Kenya: Cradle of Civilization

Long considered to be the cradle of civilization, Kenya is a fascinating land steeped in history, where many cultures have flourished only to give way to more. If you want a glimpse of just about every type of geography, this is the place to visit. The land features vast plains in the south, forests in the west, and deserts in the north, where some Kenyan nomadic tribes carry on their age-old lives on the move.

Kenya is located in East Africa and shares a border with Tanzania. Its location on the Indian Ocean opened the country to merchants, adventurers and soldiers of fortune from the outside world. The Spice Trade, for instance, brought Arabians onto the African continent.


Many tourists start their trip in the capital city of Nairobi, just 30 miles from the Equator. It was founded by the British more than a century ago and now has a population of 2 million.

Nairobi boasts a wide variety of of fine restaurants. Because of the multicultural heritage of Kenya, it offers a wide range of foods. Traditional African dishes are supplemented by English and Indian fare. Kenya offers an assortment of beef and seafood dishes, along with a variety of tropical fruits and vegetables. Portions tend to be generous, and elaborate buffets are common at hotels. Even the more expensive restaurants are reasonable by American and European standards.

Kenya also features movie theatres, discos, and casinos—some located inside hotels. Many hotels provide evening entertainment. Often, this will include traditional tribal dancing. This is truly entertaining and not to be missed. The tribes show their tremendous athletic skills in their dances featuring leaping contests. The dances are accompanied with traditional tribal songs.

Nairobi is a relatively small city and some visitors choose to walk to its various attractions. Trains, buses and taxis are also plentiful. Some tourists choose to rent cars. Nairobi also has modern conveniences as cell phones and fax machines.


You can go to the Giraffe Center in Langatta, a nearby suburb, where the Rothschild giraffe was saved from extinction. The Nairobi National Park has a large number of lions, giraffes and impalas, as well as an animal orphanage.

While in Langatta, you can visit the former home of Karen Blixen, who penned the novel turned movie “Out of Africa” under the pseudonym Isaak Dinesen. Her native land Denmark donated the farmhouse where she lived, to the Kenyan government. It’s now a museum.


Many visitors come to Kenya specifically to experience a safari. They choose to hunt or photograph the country’s vast wildlife consisting of large animals and birds. There are 54 game preserves in the country, including the Maasai Mara Game Reserve. Safaris draw travelers who love seeing large animals, such as lions and wildebeests, in their natural habitat.

Visitors can also learn about the inhabitants of the land: the brave and fierce Maasai who once lived completely cut off from the rest of the world. Sign up at a travel agency to venture out on a safari on foot that takes tourists into the center of Maasai life. The Maasai are nomadic cattle herders, who wandered all across southern and central Kenya. Today, they are mostly found in the southwest and have a number of permanent settlements.

Cattle occupy a sacred position in Maasai culture. They trace this to an often-told story of an ancient time when the earth and sky were connected until suddenly cut apart with only fig trees left to bind the two. The Maasai believe that their God Enkai sent herds of cattle to their land by means of the fig trees.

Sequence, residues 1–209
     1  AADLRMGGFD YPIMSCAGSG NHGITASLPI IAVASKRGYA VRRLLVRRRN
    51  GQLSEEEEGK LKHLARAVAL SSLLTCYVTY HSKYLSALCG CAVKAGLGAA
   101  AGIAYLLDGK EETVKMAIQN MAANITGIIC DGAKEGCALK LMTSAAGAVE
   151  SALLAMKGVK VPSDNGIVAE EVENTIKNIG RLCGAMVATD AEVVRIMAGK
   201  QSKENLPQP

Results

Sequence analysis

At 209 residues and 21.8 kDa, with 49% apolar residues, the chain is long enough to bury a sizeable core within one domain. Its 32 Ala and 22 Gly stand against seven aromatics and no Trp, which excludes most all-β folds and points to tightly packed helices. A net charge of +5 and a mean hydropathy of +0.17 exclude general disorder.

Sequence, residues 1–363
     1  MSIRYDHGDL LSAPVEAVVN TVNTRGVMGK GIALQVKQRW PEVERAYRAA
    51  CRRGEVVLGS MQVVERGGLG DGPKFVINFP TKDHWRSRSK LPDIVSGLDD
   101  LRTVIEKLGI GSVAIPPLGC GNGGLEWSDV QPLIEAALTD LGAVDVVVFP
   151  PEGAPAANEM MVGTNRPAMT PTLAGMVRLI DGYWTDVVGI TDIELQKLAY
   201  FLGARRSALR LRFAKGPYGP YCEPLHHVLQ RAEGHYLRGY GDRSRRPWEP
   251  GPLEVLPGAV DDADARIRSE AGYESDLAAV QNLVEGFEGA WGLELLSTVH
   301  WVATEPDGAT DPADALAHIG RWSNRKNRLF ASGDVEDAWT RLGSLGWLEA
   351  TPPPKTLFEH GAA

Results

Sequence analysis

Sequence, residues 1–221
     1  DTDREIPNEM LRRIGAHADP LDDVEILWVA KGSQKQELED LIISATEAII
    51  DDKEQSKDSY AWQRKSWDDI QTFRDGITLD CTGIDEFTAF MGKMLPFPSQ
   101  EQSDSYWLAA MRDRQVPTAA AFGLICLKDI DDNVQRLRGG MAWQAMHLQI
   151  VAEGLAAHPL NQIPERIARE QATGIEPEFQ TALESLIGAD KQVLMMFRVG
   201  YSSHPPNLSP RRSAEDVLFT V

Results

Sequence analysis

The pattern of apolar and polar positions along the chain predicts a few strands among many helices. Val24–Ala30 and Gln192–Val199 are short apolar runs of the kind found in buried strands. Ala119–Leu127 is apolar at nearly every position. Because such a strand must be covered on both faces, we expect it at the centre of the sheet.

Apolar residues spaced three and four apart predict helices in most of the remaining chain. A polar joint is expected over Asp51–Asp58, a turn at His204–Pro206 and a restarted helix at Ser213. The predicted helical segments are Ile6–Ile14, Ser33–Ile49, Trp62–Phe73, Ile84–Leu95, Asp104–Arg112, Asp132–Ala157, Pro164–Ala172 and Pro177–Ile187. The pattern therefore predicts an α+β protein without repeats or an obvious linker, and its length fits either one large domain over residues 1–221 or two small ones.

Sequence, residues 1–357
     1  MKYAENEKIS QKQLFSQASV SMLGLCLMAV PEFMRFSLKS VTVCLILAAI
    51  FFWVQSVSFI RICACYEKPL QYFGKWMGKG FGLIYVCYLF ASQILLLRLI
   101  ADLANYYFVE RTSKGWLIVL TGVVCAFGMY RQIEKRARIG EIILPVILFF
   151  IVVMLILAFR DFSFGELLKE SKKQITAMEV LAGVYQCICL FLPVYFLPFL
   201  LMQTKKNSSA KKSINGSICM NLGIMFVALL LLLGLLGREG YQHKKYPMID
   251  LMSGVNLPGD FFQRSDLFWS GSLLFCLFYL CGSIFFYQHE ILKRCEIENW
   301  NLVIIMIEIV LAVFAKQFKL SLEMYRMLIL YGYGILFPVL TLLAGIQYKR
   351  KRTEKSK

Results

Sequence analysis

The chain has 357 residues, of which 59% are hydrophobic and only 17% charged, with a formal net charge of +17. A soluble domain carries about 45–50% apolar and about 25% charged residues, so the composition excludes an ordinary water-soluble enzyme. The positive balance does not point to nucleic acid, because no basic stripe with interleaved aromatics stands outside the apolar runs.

Before embarking on a trip to Kenya, check with the U.S. Consulate in Washington, D.C., for information on necessary vaccinations, visas, and any trouble spots to avoid. Booking tickets for safaris before arriving in Kenya is a must. People returning from Kenya often say they had “the trip of a lifetime


About Ask Marion

I am a babyboomer and empty nester who savors every moment of my past and believes that it is the responsibility of each of us in my generation and Americans in general to make sure that America is as good or even a better place for future generations as it was for us. So far... we haven't done very well!! Favorite Quotes: "The first 50 years are to build and acquire; the second 50 are to leave your legacy"; "Do something that scares you every day!"; "The journey in between what you once were and who you are becoming is where the dance of life really takes place". At age 62 I find myself fighting inoperable uterine Cancer and thanks to the man upstairs and the prayers from so many people including many of my readers from AskMarion and JustOneMorePet... I'm beating it. After losing our business because of the economy and factors related to the re-election of President Obama in 2012 followed by 16-mos of job hunting, my architect-trained husband is working as a trucker and has only been home approximately 5-days a month since I was diagnosed, which has made everything more difficult and often lonely... plus funds are tight. Our family medical deductible is 12K per year for two of us; thank you ObamaCare. But thanks to donations from so many of you, we are making ends meet as I go through treatment while taking care of my father-in-law who is suffering from late stage Alzheimer's and my mother-in-law who suffers from RA and onset dementia as well as hearing loss, for which there are no caretaker funds, as I continue the fight here online to inform and help restore our amazing country. And finally I need to thank a core group of family, friends, and readers... all at a distance, who check in with me regularly. Plus, I must thank my furkids who have not left my side through this fight. You can see them at JustOneMorePet.
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